A North Idaho angler has tied up the top spot in a national competition for new fishing knots.
The Fish-N-Fool knot, devised by Rick Lawrence of Spirit Lake, was declared the season winner last week during the Knot Wars feature of the North American Fishing Club’s Versus Country cable television program.
Here’s the eye-opener for many seasoned anglers:
The Fish-N-Fool Knot tested stronger overall than the venerable Palomar knot, which has been touted for years as one of the best knots available for attaching line to lure.
“The goal in this year’s competition was to find something that could beat the Palomar Knot, and we did,” show host Steve Pennaz said in a telephone interview this week.
“We took a lot of submissions from fishing club members and Versus viewers; we tested and cherry-picked them down to eight good entries again this year.”
The trick to winning the contest involves performing well with all three line types – braid mainline plus monofilament and fluorocarbon leader. Specifically:
•Fireline, 14-pound, flame green.
•Trilene mono, 14-pound, XT Tough Red.
•Trilene 15-pound, 100 percent fluorocarbon.
The knots are tied with each type of line and tested on a machine that pulls the line and records to the fraction how many pounds of force the knot can withstand before the line breaks.
The Fish-N-Fool averaged an 18.56-pound break strength overall.
Lawrence said he was motivated to tinker with knots because, “for some reason, I can’t tie a decent Palomar Knot.” He said he experimented with different wraps and other variations of known knots and crudely tested them by hand-pulling monofilament line until they broke.
“The Fish-N-Fool is easy to tie, and I knew it was good, but I didn’t know how good it was at first,” Lawrence said. “The Fish-N-Fool knot works best with braid and mono and it’s close to the best possible knot with fluorocarbon.”
According to the Knot Wars tests, the Grinner Knot is slightly better with fluorocarbon line.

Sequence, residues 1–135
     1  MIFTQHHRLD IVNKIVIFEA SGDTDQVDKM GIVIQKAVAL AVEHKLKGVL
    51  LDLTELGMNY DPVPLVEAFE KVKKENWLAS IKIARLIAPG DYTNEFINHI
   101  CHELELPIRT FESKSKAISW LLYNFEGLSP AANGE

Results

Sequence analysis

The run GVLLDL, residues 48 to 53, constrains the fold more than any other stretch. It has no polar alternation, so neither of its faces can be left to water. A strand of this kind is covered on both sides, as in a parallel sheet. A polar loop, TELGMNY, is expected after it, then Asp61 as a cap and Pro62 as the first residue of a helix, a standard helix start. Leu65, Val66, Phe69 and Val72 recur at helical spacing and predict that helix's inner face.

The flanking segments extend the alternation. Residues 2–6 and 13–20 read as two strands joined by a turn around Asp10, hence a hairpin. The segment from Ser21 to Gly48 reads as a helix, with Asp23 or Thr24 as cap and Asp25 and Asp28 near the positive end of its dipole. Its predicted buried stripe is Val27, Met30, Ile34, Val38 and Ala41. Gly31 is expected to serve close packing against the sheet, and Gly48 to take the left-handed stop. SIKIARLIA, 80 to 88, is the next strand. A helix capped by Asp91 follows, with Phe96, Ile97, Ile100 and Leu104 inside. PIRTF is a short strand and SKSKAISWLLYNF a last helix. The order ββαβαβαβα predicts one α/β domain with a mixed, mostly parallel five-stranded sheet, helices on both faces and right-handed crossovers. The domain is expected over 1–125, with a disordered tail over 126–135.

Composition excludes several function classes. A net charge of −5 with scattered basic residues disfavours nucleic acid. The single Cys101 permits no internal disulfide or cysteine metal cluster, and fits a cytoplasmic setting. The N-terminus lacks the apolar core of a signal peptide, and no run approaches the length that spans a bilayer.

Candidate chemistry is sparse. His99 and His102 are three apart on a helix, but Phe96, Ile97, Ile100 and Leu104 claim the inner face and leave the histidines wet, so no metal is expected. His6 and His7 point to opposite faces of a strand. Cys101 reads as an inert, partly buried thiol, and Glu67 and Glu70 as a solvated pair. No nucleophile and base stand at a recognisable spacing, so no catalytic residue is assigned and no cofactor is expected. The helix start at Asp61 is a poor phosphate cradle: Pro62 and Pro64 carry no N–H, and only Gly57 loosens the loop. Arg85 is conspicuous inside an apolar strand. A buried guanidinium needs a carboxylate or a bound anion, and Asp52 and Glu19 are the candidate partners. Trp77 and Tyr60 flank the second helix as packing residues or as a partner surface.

“The biggest challenge for most knots is the braid,” Pennaz said.
“We didn’t use Lawrence’s name at first on the show because he didn’t actually enter the knot. We found it on a Web site, so we told our audience it came from an unnamed blogger. Lawrence finally contacted us.”
“My knot is an old knot with a new twist,” Lawrence said. “I didn’t reinvent the wheel.”
Lawrence described the Fish-N-Fool knot is a variation of the Uni-Knot. Pennaz said it caught his eye as a variation of the Eye Crosser Knot that did very well in last year’s Knot Wars.
“The Eye Crosser had three wraps and Rick’s version had five, and proved to be stronger,” Pennaz said.
“I recommend five to seven wraps,” Lawrence said. “It’s a tick stronger with seven, but not significant.”
Said Pennaz, “That’s what Knot Wars is all about: Helping people learn to tie, refine and pick good knots.”
Lawrence, 53, said he lived in Liberty Lake for five years before moving to the Spirit Lake area. “I fish all over North Idaho,” he said, noting that he started making baits for himself and friends about five years ago, but he’d been “taking a hiatus” from lure-making until word started spreading about his knot.
He didn’t win any prizes from the contest, but the notoriety is resurrecting his fishing lure business.
“The Fish-N-Fool knot has the same name as my lures so my Web site ( www.FNFlures.com ) has been getting a lot of exposure because of Knot Wars,” he said, noting that he plans to step up production and get his baits out to stores in the next month or so.
Lawrence has been invited to demonstrate the knot around the area, including the Great Western Sportfishing Show on Sunday morning at the Spokane Convention Center.
“It was at the show last year that I learned how good the Fish-N-Fool knot is,” Lawrence said. “There was a guy with a line tester at the show and he was demonstrating how to tie the Palomar Knot and showing people how it was stronger than other knots.
“I’d been fishing with the Fish-N-Fool knot for a while, so we gave it a test. My knot beat his Palomar knot three out of three times.
“He was quite surprised. He said, ‘That’s a good knot you’ve got there.’ ”